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Less bang for more buck: app rewards users for lack of phone use

The Pocket Points app is making its way across Oklahoma college campuses, including Oklahoma City University, Oklahoma University and eventually Oklahoma State University, according to KFOR. Engineers at Oklahoma Christian University are looking into developing something similar.

This application, Pocket Points, is a location-based app that rewards students for not using their cell phone.

The app works by opening the application and then locking the phone and the more time you leave it locked the more ‘points’ you get. These points may be redeemed at shops, restaurants and stores surrounding the specific campus participating in using app program.

Oklahoma Christian Entrepreneur in Residence Russell McGuire said this app has many capabilities, but could also be improved.

“Pocket Points, similar to our Ethos app, gives students points based on their location,” McGuire said. “Pocket Points has a really interesting business model which is different from the Ethos app and also another app called Altimeter. But the Pocket Points ideal could be implemented into the Altimeter software.”

McGuire said the Altimeter app could improve some weaknesses he noticed in the pocket points app.

“Pocket Points has to convince students to download the app while nearly 90 percent of students at Altimeter-using schools already have the app,” McGuire said. “Also, Altimeter uses location services to recognize specific buildings, rooms and events that are happening. As well as locations, Altimeter downloads university systems to recognize specific class times and locations. Therefore, students would only get points if they were actually in class or chapel.”

Former Oklahoma Christian student and current Altimeter employee Austin McRay said pocket points is to the liking of a lot of students.

“A big part of the Pocket Points business plan is partnering with local businesses to offer discounts as rewards for these students that build up a certain amount of points,” McRay said. “This is a big reason why they have grown so quickly. Students love free and discounted stuff. Similarly, the Altimeter app can be used in the same way.”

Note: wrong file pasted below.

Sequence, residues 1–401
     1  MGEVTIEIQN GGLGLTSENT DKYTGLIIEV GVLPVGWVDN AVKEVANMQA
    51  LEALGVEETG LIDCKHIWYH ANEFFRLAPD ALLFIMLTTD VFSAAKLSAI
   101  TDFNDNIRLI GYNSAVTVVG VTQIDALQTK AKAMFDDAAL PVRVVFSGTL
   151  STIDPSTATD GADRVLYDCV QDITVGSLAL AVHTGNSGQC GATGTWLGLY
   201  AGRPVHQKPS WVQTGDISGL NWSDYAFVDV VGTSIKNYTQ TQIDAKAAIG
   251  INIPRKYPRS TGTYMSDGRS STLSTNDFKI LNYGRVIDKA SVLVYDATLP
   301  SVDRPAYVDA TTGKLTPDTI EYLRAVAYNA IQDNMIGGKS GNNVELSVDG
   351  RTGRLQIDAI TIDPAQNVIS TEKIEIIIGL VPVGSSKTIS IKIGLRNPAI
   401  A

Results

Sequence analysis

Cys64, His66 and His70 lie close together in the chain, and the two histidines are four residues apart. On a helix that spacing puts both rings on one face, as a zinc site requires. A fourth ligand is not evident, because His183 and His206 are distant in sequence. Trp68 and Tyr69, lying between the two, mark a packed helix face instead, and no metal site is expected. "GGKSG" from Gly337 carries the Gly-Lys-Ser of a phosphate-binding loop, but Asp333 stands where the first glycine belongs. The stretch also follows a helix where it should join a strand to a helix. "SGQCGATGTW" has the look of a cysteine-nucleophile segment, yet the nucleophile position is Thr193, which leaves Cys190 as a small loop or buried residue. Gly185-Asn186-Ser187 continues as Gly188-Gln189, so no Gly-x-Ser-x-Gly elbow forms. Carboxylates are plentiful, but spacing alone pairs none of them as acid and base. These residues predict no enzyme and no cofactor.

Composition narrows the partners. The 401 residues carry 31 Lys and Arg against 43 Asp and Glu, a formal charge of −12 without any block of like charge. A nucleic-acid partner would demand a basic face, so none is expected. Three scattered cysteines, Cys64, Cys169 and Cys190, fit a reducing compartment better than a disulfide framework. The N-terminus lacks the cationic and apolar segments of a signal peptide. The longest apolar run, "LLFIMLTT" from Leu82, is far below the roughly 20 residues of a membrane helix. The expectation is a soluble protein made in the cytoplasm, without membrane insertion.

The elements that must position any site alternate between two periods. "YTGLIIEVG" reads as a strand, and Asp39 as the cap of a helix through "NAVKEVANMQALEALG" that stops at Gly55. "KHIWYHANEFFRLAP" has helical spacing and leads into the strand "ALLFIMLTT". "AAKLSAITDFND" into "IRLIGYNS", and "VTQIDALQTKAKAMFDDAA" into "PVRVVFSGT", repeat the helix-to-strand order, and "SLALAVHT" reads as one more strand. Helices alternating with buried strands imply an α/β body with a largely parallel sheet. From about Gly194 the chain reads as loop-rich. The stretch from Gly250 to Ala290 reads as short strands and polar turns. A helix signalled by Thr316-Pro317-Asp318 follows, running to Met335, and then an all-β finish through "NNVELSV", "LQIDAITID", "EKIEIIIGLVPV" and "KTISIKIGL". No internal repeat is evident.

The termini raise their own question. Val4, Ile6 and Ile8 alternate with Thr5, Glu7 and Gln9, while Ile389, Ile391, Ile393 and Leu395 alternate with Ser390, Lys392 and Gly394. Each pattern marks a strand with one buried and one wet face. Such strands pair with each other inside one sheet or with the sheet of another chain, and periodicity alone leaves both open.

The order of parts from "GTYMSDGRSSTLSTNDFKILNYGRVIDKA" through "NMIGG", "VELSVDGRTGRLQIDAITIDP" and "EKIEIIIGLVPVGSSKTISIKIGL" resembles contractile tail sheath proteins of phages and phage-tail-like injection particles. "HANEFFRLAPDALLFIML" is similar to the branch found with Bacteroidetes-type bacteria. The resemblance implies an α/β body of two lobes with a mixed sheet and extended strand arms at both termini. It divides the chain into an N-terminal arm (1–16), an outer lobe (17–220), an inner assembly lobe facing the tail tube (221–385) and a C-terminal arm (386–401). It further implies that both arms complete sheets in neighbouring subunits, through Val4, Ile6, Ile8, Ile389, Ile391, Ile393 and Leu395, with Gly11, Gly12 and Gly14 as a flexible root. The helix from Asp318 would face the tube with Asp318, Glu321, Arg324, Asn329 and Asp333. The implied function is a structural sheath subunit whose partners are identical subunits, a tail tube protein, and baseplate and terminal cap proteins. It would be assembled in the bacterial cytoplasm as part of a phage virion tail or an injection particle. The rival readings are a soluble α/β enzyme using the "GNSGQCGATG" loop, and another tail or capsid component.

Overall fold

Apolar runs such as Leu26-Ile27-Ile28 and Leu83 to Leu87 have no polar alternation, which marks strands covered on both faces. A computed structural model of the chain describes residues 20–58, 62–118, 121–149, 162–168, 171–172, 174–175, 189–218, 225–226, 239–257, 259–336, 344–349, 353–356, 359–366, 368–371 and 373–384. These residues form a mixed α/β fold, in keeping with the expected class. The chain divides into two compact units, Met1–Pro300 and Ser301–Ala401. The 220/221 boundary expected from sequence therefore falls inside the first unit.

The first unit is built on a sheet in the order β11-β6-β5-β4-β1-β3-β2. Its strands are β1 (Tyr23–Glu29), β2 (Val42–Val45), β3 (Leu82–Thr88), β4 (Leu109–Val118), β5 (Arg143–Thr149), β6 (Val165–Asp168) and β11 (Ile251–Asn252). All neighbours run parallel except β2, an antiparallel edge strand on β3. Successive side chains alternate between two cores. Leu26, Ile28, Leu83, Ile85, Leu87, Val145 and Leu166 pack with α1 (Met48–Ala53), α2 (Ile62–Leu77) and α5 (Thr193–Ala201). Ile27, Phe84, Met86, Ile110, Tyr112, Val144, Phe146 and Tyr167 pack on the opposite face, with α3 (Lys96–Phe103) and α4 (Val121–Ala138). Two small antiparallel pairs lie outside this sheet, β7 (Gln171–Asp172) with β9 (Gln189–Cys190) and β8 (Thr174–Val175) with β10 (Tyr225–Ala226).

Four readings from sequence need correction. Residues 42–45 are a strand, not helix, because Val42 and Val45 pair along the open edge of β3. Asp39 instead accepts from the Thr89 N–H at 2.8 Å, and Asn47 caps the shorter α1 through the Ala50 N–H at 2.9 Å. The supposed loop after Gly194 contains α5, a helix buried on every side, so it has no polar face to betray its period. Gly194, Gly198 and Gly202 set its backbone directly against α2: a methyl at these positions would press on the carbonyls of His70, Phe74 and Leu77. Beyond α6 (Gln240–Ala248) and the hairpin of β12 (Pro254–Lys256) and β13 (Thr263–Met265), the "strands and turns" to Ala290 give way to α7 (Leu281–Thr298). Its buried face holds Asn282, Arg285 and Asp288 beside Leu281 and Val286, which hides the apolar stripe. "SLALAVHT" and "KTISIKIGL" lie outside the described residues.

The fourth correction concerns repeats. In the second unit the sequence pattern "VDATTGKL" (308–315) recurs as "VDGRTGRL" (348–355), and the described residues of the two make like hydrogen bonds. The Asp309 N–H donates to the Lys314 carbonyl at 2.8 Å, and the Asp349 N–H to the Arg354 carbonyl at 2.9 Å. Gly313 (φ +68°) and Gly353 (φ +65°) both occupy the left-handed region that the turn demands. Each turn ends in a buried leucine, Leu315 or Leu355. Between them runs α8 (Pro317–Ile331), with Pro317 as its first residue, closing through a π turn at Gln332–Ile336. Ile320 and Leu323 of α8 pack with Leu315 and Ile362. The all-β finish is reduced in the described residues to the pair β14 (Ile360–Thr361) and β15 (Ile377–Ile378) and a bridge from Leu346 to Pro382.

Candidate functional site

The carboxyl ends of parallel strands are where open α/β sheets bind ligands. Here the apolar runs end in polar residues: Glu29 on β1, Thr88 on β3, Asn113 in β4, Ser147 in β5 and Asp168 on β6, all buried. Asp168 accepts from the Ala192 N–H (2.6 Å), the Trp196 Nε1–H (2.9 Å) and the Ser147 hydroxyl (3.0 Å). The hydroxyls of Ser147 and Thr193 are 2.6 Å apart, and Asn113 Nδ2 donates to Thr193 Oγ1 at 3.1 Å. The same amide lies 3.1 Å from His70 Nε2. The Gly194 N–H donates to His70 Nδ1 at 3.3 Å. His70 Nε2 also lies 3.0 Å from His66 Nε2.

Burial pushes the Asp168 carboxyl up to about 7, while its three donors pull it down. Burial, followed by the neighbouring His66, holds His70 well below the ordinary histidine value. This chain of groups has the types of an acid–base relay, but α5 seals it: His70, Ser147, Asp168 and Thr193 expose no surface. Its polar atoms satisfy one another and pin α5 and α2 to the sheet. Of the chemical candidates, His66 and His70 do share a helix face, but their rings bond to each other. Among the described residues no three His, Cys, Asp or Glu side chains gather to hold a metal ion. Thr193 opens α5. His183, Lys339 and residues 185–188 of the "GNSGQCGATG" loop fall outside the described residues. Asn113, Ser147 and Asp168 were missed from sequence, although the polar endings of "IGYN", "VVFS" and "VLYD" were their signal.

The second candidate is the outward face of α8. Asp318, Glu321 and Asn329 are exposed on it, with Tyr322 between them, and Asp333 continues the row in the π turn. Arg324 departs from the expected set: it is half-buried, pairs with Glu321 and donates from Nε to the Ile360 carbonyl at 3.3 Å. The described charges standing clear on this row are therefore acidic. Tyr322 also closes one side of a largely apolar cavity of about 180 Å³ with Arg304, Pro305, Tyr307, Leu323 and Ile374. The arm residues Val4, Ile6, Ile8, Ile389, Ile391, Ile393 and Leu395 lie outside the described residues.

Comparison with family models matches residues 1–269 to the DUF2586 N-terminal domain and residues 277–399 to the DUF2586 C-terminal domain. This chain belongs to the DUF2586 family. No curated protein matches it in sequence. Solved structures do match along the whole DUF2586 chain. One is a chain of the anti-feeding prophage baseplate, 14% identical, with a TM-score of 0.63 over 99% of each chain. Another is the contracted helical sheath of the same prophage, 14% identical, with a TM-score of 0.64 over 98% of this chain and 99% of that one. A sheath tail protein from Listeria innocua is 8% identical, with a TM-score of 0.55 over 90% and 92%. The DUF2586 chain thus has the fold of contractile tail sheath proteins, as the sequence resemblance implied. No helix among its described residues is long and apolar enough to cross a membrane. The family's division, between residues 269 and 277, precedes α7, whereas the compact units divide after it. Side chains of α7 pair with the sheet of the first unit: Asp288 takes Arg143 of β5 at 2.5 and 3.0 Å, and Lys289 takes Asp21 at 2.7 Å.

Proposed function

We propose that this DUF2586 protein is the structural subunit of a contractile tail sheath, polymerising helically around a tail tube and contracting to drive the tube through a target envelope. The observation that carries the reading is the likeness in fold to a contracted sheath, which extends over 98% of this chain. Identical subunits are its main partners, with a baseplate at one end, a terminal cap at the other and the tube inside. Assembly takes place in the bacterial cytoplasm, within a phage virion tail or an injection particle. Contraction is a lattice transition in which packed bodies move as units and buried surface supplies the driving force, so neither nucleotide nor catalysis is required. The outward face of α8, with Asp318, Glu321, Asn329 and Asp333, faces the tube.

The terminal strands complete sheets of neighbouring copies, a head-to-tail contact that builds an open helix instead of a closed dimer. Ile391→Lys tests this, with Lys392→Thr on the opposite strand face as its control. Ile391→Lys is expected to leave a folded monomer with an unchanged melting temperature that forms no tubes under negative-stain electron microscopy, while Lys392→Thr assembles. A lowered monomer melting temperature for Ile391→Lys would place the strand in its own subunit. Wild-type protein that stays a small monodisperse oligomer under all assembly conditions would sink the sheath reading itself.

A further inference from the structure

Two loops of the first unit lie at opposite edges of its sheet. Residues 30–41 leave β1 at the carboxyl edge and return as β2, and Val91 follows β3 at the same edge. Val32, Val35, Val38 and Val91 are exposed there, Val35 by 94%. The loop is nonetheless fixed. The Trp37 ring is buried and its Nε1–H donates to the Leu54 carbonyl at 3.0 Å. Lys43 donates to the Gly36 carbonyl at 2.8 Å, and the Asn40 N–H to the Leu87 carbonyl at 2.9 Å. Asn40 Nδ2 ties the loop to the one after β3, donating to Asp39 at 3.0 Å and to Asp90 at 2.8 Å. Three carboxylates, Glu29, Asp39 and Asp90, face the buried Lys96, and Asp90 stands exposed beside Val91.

McRay said it would not be hard to bring the the Pocket Points app to the Oklahoma Christian campus.

“Schools can already use Altimeter to give away rewards for being in the right place at the correct time,” McRay said. “I don’t think it would be that hard to build in an additional functionality to where once the student checks in and puts their phone in their pocket, it begins to accumulate points.”

McRay said the Altimeter app has some differences that might be more productive than pocket points.

“As Russ [McGuire] said, a big differentiator between our app and others is that we can pinpoint specific locations such as buildings, rooms and other events happening on campus,” McRay said. “That way students are only rewarding for using this app during class, chapel or another school event.”

Oklahoma Christian freshman Austin McCain said there would be some positives and negatives in having this app on campus.

“I think it could be very beneficial for students here on campus,” McCain said. “I would certainly download it to receive the rewards as well as give me an excuse to stay off my phone.”

However, McCain said students taking advantage of the program could be a large issue.

“I personally believe students may try and manipulate the usage of this app and try and find a way to cheat around it,” McCain said. “It would not be hard to use a previously used phone or iPod and download the app and load up on points. This would be a stretch for students but nonetheless I feel it would be of way more positive use than negative.”

Pocket Points is available on the iTunes app store, however, it only works for participating college campuses.

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